4 August 2022
I spent the day in the office at the Makerere University School of Pharmacy writing the case scenarios and scripts for filming the pharmaceutical care training videos. It was wonderful to have Winnie by my side to answer all of my questions. I want to make sure these are realistic scenes the pharmacy students will encounter in their pharmacies in Uganda. I needed to think about the way a Ugandan patient would respond to questioning versus how an American patient would answer. Even the way we describe symptoms could be different. For example, would a Ugandan patient know the word mucous? I think most patients would know the term mucous, if I were to ask an American patient if mucous came up when they coughed. So is this the same in Uganda? Winnie thought the English speakers would understand but she described the Lugandan word or phrase for this as “bringing up secretions”. Another interesting cultural difference is that the pharmacist will dispense over the counter products like acetaminophen (Tylenol) in pre-packaged strips and they will give the patient only as much as they can afford. What I mean is that there may be a package of 10 strips of 10 tablets each in the original package but the pharmacist will take out 1 strip and put it into a paper packet so it is sold without the original packaging, however the blister pack does have the drug name and dose, usually. The only thing they typically write on the outside of the paper packet is the drug name and how many times the patient should take it a day. By the way, they use the British name for acetaminophen which is paracetamol or brand name Panadol. They do not use the amber (brown) vials we Americans do when we dispense prescription medications. We take the proper amount from a stock bottle of loose pills and package them into an amber vial and then print a complete label and affix it to the vial. The label has the drug name, using the generic name, if it isn’t a branded product, the dose, the full directions spelled out so a patient can understand (take 1 tablet by mouth twice each day), the number dispensed, the drug expiration date, and the number of refills authorized by the prescriber. It also contains the patient name, prescriber name, and the name and address of the pharmacy. If it is an antibiotic, the prescription will state the number of days the patient should take the medicine and this is typed on the label. Very rarely will an American patient refuse to purchase the whole amount prescribed. This is in part because health insurance usually covers a lot of the cost. However, in Uganda, patients frequently will tell the pharmacist how many they can afford and only take that amount of the drug product. Even if the medication is for the chronic treatment of high blood pressure and the patient should be taking it every single day for the rest of their lives, patients will commonly only be able to pay for three or five tablets at a time. They say they will come back and get more but frequently that is not the case and many days may lapse before the patient comes and gets more of the medication. Once we go to the pharmacy to film, I will take photos of the medication packaging and post them for you.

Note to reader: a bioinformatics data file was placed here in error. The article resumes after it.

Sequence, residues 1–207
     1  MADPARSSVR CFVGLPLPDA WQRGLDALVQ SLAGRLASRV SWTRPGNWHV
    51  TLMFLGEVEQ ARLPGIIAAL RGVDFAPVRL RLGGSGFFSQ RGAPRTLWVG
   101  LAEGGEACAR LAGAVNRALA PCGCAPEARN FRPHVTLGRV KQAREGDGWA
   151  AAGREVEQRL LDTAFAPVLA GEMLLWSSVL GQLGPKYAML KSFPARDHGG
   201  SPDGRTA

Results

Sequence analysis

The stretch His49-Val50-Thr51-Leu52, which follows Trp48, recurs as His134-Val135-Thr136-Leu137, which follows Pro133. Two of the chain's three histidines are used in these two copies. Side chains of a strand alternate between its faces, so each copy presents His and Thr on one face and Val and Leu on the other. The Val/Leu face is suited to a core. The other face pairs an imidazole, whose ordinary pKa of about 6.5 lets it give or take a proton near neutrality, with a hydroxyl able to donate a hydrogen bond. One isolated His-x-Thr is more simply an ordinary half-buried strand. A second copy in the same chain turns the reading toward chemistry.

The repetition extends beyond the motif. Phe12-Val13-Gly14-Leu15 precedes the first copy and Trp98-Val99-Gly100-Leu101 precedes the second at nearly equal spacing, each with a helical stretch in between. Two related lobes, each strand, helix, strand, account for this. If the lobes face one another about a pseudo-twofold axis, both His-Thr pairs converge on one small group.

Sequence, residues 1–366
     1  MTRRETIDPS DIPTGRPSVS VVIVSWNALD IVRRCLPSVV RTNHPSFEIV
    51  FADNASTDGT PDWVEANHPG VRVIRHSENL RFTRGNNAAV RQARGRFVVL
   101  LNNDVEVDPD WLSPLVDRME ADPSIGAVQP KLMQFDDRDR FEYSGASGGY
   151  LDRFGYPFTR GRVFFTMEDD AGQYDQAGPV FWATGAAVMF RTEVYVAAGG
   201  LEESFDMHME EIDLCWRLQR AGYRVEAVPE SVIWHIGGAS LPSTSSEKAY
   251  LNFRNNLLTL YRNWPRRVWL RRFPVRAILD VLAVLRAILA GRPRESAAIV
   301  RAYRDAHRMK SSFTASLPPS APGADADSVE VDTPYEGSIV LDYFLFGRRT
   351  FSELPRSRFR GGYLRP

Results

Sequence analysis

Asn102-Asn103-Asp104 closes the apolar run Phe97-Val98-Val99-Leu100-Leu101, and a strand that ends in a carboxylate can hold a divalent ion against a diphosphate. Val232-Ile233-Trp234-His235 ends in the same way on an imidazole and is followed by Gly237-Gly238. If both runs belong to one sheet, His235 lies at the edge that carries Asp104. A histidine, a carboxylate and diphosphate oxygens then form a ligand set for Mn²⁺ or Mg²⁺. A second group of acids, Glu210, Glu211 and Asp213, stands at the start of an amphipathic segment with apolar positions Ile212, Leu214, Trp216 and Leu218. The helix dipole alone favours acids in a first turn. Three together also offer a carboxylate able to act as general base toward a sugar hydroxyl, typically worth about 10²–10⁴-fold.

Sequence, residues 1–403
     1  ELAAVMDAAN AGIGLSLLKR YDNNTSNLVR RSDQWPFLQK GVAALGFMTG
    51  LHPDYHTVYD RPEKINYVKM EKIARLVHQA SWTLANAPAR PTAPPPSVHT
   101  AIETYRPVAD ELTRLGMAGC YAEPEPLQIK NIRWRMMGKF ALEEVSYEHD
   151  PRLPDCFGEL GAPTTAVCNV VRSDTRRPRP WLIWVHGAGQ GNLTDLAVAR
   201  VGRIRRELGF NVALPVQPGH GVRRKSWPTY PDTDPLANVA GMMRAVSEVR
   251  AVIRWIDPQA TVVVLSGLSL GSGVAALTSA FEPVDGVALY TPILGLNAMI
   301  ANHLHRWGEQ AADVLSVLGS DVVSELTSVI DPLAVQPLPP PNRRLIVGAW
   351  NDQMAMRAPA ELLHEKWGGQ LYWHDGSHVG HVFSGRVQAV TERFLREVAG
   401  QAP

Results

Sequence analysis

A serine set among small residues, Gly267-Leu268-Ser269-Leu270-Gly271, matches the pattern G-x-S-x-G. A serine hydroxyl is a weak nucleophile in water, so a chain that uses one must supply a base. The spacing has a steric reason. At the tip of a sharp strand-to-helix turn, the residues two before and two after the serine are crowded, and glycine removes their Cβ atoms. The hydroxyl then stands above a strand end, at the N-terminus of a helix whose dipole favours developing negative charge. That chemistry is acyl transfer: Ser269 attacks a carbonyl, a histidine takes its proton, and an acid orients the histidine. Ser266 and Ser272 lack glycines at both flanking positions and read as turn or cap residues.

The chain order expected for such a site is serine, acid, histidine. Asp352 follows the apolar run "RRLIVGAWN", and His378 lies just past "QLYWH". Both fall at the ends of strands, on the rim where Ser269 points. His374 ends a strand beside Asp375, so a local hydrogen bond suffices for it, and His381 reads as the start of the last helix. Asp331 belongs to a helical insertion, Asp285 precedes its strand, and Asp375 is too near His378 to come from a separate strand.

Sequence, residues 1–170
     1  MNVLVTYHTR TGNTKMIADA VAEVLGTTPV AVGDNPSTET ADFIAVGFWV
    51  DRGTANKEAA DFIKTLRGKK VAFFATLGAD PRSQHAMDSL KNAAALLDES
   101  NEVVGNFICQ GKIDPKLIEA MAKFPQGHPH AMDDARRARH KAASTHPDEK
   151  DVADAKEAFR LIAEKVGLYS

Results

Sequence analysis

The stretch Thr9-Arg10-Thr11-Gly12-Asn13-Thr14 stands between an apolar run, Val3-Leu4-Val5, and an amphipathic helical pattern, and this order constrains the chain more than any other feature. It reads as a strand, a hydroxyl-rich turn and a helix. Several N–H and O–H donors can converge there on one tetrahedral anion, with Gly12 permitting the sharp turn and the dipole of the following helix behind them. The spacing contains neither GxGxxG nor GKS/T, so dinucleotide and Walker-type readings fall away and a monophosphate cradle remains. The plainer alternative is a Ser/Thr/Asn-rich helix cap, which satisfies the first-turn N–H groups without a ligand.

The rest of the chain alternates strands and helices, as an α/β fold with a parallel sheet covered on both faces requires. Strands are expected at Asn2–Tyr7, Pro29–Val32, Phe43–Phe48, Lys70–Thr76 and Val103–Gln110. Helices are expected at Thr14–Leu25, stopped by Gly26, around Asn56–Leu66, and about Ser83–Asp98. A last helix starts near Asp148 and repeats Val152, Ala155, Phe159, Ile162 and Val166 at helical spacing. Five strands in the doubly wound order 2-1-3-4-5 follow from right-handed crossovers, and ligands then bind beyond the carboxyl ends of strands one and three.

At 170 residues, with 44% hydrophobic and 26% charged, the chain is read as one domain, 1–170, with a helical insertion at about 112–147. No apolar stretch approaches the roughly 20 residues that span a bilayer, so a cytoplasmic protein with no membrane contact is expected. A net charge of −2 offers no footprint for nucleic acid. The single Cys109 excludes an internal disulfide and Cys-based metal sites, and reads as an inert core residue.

Another interesting fact is that in Uganda, a pharmacy can be open and medications can be sold even if the pharmacist isn’t there. Every pharmacy must have a supervising pharmacist but sometimes, the pharmacist only goes to the pharmacy once or twice a month to place drug orders and check on things. Also, even though there is a class of drugs that are supposed to only be sold if prescribed by a physician, there is no regulatory body with the human resources to hold pharmacies accountable for this practice so most of the time when these drugs are dispensed, it is NOT on a prescription. Rather either the pharmacy staff recommends the patient take this medicine because of the symptoms they complained of or the patient just comes in and asks for it and the pharmacy staff sells it to them. I’m speaking of medication such as blood pressure medications, diabetes medications, medications for sleep medications and especially antibiotics and anti-malarials. I’ve been told that one of the most common drugs patients will ask for are medications for erectile dysfunction and those are also dispensed without a prescription.
My faculty colleagues at Makerere University and I are trying to improve patient care by training the pharmacy students to have the communication and decision-making skills to effectively interact with the patients so that medications are only dispensed when appropriate. We also want them to recognize when a patient should be referred to a higher level of care, such as to a clinic or hospital, and avoid selling drugs just to make a profit as this can adversely impact patients and result in harm. These videos will show the students both good and bad examples of how to gather information from the patient, make a correct assessment of the situation, and recommend appropriate therapy or referral. They will be accompanied by classroom activities that help the students learn and practice the correct skills.